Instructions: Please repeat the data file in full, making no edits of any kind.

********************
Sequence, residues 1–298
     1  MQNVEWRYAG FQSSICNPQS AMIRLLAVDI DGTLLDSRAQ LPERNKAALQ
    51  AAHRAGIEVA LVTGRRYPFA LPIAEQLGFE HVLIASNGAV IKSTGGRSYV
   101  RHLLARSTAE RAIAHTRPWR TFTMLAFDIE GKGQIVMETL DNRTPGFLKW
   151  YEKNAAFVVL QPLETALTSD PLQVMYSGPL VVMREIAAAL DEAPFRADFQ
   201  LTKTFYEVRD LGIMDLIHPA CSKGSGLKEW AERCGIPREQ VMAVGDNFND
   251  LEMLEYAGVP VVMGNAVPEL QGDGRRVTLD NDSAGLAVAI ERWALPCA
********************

Sequence, residues 1–298
     1  MQNVEWRYAG FQSSICNPQS AMIRLLAVDI DGTLLDSRAQ LPERNKAALQ
    51  AAHRAGIEVA LVTGRRYPFA LPIAEQLGFE HVLIASNGAV IKSTGGRSYV
   101  RHLLARSTAE RAIAHTRPWR TFTMLAFDIE GKGQIVMETL DNRTPGFLKW
   151  YEKNAAFVVL QPLETALTSD PLQVMYSGPL VVMREIAAAL DEAPFRADFQ
   201  LTKTFYEVRD LGIMDLIHPA CSKGSGLKEW AERCGIPREQ VMAVGDNFND
   251  LEMLEYAGVP VVMGNAVPEL QGDGRRVTLD NDSAGLAVAI ERWALPCA